This system of equations does not initially seem to be linear because of the presence of terms like 10๐‘Žโ‚ยฒ, but upon closer inspection is found to be in fact linear (this is a feature of the permutation method). In addition, the system is in a triangular form, meaning the first equation depends only on ๐‘Žโ‚, the second one on ๐‘Žโ‚ and ๐‘Žโ‚‚, such that we can replace the result of ๐‘Žโ‚ from the first one into the second equation and remove the non-linear term. We solve the first equation to get ๐‘Žโ‚ = -1/5. Substituting in the second one and solve for ๐‘Žโ‚‚:

๐‘Žโ‚‚ = (-1/5 + 10(-(1/5)ยฒ) / 5 = -1/25

Finally,

๐‘ฅ(๐œ€) = 1 - ๐œ€ / 5 - ๐œ€ยฒ / 25 + ๐‘‚(๐œ€ยณ)

Solving the original problem, ๐‘ฅ(1) = 0.76, compared to 0.75487767 calculated numerically. We can improve the accuracy by including more terms in the expansion of ๐‘ฅ. However, the calculations, while straightforward, become messy and intractable to do manually very quickly. This is why a CAS is very helpful to solve perturbation problems.

Now, let's see how we can do these calculations in Julia (see test_quintic function). Let n = 2 be the order of the expansion. We start by defining the symbolic variables:

  @variables @variables ฯต a[1:n]        

Then, we define x = 1 + a[1]*ฯต + a[2]*ฯต^2. Note that in test_quintic we use the helper function def_taylor to define x by calling it as x = def_taylor(ฯต, a, 1), where the arguments are the expansion variable, an array of parameters, and the constant term. The next step is to substitute x in the problem equation eq = x^5 + ฯต*x - 1. Now, eq is

  ฯต*(1 + aโ‚*ฯต + aโ‚‚*(ฯต^2)) + (1 + aโ‚*ฯต + aโ‚‚*(ฯต^2))^5 - 1

Or in the expanded form (calculated as expand(eq)):

ฯต + aโ‚*(ฯต^2) + aโ‚‚*(ฯต^3) + (aโ‚^5)*(ฯต^5) + (aโ‚‚^5)*(ฯต^10) + 5aโ‚*ฯต + 5aโ‚‚*(ฯต^2) +
10(aโ‚^2)*(ฯต^2) + 10(aโ‚^3)*(ฯต^3) + 5(aโ‚^4)*(ฯต^4) + 10(aโ‚‚^2)*(ฯต^4) +
10(aโ‚‚^3)*(ฯต^6) + 5(aโ‚‚^4)*(ฯต^8) + 20aโ‚*aโ‚‚*(ฯต^3) + 30aโ‚*(aโ‚‚^2)*(ฯต^5) +
20aโ‚*(aโ‚‚^3)*(ฯต^7) + 5aโ‚*(aโ‚‚^4)*(ฯต^9) + 30aโ‚‚*(aโ‚^2)*(ฯต^4) + 20aโ‚‚*(aโ‚^3)*(ฯต^5) +
5aโ‚‚*(aโ‚^4)*(ฯต^6) + 30(aโ‚^2)*(aโ‚‚^2)*(ฯต^6) + 10(aโ‚^2)*(aโ‚‚^3)*(ฯต^8) +
10(aโ‚^3)*(aโ‚‚^2)*(ฯต^7)

We need a way to get the coefficients of different powers of ๐œ€. Function collect_powers(eq, x, ns) returns the powers of variable x in expression eq. Argument ns is the range of the powers.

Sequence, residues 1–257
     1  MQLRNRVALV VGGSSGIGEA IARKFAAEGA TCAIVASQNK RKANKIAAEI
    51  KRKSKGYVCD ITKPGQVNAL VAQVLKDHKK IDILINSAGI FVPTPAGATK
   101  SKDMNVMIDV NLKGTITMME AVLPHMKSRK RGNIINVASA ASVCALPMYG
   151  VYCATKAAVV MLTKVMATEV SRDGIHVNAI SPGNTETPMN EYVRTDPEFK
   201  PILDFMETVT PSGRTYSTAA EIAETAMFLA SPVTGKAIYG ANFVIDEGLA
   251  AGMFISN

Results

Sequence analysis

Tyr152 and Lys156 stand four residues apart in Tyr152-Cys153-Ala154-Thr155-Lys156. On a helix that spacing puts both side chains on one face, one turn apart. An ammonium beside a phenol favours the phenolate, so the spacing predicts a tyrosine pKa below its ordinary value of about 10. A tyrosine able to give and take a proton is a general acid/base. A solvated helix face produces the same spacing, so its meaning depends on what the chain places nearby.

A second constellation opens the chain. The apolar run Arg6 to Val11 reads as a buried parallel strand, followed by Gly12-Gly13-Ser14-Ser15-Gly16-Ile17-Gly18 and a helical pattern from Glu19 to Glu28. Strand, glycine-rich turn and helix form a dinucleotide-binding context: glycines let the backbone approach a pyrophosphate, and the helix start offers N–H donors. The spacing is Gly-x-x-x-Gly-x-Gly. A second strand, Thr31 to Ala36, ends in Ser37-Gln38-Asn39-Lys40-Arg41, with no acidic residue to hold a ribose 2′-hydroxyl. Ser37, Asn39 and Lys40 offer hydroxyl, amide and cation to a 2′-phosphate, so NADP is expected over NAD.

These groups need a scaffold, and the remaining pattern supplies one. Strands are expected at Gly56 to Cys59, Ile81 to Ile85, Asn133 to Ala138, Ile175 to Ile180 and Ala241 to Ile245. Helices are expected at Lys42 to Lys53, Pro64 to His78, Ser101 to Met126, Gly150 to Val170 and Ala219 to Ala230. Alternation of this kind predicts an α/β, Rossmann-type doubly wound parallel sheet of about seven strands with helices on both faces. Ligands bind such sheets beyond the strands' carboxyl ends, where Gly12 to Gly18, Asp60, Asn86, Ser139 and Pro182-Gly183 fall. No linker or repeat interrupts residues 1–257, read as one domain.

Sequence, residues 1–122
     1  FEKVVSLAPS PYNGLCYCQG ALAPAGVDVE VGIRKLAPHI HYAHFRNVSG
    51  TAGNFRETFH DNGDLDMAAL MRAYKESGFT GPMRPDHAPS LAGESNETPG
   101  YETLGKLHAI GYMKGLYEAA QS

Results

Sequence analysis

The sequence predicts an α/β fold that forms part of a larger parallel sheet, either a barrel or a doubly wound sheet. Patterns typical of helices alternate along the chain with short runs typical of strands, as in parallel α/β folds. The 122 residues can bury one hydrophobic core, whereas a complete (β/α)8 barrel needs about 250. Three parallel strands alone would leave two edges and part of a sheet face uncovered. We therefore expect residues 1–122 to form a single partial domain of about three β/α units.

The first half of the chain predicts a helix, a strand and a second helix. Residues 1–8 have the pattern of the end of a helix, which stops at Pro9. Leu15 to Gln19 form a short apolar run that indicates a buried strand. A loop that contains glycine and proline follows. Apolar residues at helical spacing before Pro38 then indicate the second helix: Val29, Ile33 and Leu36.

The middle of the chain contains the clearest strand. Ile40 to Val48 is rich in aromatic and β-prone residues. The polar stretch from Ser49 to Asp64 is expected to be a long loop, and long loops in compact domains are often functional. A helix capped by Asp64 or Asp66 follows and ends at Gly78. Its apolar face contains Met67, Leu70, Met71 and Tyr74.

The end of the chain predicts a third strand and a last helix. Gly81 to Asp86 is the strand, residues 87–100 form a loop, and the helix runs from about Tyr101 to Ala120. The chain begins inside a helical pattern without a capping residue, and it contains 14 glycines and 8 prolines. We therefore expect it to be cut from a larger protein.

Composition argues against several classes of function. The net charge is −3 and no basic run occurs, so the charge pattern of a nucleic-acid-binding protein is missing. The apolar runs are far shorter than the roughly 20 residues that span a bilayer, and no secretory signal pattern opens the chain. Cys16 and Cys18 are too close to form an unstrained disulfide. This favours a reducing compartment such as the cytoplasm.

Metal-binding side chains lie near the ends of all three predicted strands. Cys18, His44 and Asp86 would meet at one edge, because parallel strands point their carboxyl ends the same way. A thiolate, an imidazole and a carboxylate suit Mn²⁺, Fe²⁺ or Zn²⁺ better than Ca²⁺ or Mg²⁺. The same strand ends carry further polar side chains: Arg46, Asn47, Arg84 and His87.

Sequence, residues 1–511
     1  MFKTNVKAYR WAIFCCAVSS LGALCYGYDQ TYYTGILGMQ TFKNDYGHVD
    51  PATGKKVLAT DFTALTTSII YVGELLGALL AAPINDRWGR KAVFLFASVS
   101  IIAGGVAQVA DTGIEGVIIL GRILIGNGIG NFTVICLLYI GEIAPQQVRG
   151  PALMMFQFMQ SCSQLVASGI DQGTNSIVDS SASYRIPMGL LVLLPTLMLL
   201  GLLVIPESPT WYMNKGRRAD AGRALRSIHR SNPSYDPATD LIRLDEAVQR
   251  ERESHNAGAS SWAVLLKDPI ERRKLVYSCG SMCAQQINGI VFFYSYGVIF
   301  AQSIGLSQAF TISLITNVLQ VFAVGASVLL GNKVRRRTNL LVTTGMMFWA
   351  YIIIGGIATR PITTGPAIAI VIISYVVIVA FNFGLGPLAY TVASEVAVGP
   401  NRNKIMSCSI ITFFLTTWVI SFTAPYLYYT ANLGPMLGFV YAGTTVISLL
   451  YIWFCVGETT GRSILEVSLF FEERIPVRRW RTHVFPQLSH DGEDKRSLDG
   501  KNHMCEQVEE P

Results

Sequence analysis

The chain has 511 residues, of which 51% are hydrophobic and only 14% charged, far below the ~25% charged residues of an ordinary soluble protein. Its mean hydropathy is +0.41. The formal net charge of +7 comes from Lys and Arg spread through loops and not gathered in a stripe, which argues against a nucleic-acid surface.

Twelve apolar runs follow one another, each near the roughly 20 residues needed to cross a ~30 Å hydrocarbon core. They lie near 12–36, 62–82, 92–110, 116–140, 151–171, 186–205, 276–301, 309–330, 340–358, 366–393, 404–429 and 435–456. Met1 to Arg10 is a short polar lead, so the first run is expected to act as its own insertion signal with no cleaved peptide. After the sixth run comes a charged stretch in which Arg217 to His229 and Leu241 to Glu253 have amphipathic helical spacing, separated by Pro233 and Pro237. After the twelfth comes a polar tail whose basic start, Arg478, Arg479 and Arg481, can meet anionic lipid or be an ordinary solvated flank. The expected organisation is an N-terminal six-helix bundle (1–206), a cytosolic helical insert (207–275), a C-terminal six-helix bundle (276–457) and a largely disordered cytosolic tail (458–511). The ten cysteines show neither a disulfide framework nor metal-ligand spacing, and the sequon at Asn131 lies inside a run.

function collect_powers(eq, x, ns; max_power=100)
    eq = substitute(expand(eq), Dict(x^j => 0 for j=last(ns)+1:max_power))

    eqs = []
    for i in ns
        powers = Dict(x^j => (i==j ? 1 : 0) for j=1:last(ns))
        push!(eqs, substitute(eq, powers))
    end
    eqs
end

For example, collect_powers(eq, ฯต, 1:2) means the coefficients of ฯต and ฯต^2 in eq and returns a list of expressions [1 + 5aโ‚, aโ‚ + 5aโ‚‚ + 10(aโ‚^2)]. We assign this list to eqs.

collect_powers uses substitute to find the coefficient of a given power of x by passing a Dict with all powers of x set to 0, except the target power which is set to 1. The following experssion returns the coefficient of ฯต^2 in eq,

  substitute(expand(eq), Dict(
    ฯต => 0,
    ฯต^2 => 1,
    ฯต^3 => 0,
    ฯต^4 => 0,
    ฯต^5 => 0,
    ฯต^6 => 0,
    ฯต^7 => 0,
    ฯต^8 => 0)
  )

Back to our problem. Having the coefficients of the powers of ฯต, we can set each equation to 0 and solve the system of linear equations to find the numerical values of the coefficients. Symbolics.jl has a function Symbolics.solve_for that can solve systems of linear equations. We can start by solving eqs[1] for aโ‚ and then substitute this in eqs[2] and solve for aโ‚‚. This process is done by function solve_coef(eqs, ps):

function solve_coef(eqs, ps)
    vals = Dict()

    for i = 1:length(ps)
        eq = substitute(eqs[i], vals)
        vals[ps[i]] = Symbolics.solve_for(eq ~ 0, ps[i])
    end
    vals
end

Here, eqs is an array of expressions (assumed to be equal to 0) and ps is an array of variables. The result is a dictionary of variable => value pairs. For example, solve_coef(eqs, a) returns Dict(aโ‚ => -0.2, aโ‚‚ => -0.04). Substituting back in the definition of x, i.e., x = 1 + a[1]*ฯต + a[2]*ฯต^2, we obtain X = ฯต -> 1 - 0.2*ฯต - 0.04*ฯต^2. Therefore, the solution to our original problem becomes X(1), which is equal to 0.76.

We can use larger values of n to improve the accuracy of estimations:

n x
1 0.8
2 0.76
3 0.752
4 0.752
5 0.7533
6 0.7543
7 0.7548
8 0.7550

Remember the numerical value is 0.7549.